At the Hartmans' farm, she noted, Dylan has been able to jump
and to walk a line toe-to-heel, activities he was disinclined
to try at a more traditional occupational therapy program he
Dylan also is enrolled in a pre-school program which allows
him to mingle with more typically abled students.
"I think all the things in combination are starting to come
together," his mother said.
Cindy Hartman gets input from her clients' other therapists,
to see how their progress with the horses carries over into
other situations. "If there's something the parents or the
doctor are trying to achieve, we can sneak it in real easy"
during the riding program, she said.
Beyond physical strides, Hartman said horseback therapy can
have psychological benefits for young riders who form a bond
with their mount.
"They get such a feeling of self-confidence," she said.
"They're able to do something --riding a horse--that any
little kid would want to do."
According to Lisa McGrath, her son "used to just whisper. Now
he'll speak up."
While helping shy youngsters break out of their shells, Cindy
Hartman noted horseback riding also can have a calming effect
on unruly children.
She referred to occasions when the Hartman farm has hosted day
camps for children with behavioral problems: "A kid can come
in here just as cocky as can be. But when you put them on a
horse, they're different--they're mellow."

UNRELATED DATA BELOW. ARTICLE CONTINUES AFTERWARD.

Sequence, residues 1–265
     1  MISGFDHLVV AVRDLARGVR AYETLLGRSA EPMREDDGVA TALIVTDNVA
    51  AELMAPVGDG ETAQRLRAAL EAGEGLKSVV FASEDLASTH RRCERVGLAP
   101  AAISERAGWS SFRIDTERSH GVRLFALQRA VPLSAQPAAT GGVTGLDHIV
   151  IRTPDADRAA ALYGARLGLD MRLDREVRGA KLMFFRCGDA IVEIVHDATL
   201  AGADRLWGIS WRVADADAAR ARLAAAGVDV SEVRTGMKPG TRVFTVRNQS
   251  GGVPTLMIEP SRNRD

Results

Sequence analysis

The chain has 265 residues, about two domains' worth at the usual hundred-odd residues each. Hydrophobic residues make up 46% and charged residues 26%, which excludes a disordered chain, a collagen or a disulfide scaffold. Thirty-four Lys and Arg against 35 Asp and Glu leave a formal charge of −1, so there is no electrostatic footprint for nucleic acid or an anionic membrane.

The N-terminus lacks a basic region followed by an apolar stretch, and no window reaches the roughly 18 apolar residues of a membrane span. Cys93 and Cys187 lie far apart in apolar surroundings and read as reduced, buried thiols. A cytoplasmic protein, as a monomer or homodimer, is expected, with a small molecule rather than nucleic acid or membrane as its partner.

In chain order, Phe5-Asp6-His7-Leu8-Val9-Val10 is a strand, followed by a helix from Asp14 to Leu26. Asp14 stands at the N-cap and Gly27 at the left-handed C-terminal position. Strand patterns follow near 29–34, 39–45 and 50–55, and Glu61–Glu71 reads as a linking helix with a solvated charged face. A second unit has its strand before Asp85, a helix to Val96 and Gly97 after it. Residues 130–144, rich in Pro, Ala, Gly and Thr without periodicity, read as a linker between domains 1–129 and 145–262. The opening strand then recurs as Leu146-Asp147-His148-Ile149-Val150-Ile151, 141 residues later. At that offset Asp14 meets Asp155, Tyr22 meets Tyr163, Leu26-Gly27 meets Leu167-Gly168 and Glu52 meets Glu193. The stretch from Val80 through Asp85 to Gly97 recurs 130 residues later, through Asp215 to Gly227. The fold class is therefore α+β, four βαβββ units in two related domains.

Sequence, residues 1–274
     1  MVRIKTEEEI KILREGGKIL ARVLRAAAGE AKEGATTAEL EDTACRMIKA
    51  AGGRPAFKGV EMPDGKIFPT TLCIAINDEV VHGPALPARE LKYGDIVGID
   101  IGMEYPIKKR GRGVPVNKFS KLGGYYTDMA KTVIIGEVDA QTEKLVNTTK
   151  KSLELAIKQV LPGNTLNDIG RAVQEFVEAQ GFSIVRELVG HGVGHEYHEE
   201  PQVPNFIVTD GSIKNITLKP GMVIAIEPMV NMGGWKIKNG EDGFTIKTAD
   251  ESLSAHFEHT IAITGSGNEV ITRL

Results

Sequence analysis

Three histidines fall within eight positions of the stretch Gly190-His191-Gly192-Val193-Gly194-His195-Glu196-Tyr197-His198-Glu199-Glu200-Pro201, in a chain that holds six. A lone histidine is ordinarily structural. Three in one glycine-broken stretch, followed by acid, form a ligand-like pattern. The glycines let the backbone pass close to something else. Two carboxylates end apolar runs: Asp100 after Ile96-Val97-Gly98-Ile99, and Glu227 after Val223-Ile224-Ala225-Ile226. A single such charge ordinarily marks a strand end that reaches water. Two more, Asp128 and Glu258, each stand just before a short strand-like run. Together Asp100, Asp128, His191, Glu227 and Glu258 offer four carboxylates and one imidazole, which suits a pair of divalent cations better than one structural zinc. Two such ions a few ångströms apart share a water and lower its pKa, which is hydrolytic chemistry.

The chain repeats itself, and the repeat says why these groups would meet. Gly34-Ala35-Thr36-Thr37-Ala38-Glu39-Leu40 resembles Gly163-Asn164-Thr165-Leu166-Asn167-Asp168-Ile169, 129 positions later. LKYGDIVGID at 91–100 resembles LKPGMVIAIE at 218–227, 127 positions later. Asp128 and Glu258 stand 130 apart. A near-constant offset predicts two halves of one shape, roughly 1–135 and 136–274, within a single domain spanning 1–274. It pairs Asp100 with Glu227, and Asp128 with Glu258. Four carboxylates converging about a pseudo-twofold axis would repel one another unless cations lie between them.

Of the 11 youngsters the Hartmans have been working with,
"Dylan is one of our best kids," Cindy said.
While simply completing several laps around the arena is
enough for children who have fewer physical abilities, she
noted Dylan is able to climb mounting blocks to get astride
He has been learning the basics of controlling a horse. Cindy
Hartman pointed out, "He knows how to steer," tugging on the
horse's reins to go right or left.
During each therapy session, he also stops the pony at several
stations throughout the arena. There, the Hartmans have him
play games--tossing small balls into a basketball hoop or
placing differently colored rings over a pole.
The games reinforce his coordination as well as his counting
skills and color identification.
At some of the stations, the boy demonstrates his increasing
physical strength, standing up in his stirrups and stretching
his arms above his head.
Hartman also teaches Dylan the responsibilities that come with
riding a horse.
Before and after each riding session, she ask Dylan to brush
Bambi 10 times with each of his hands--good motivation for him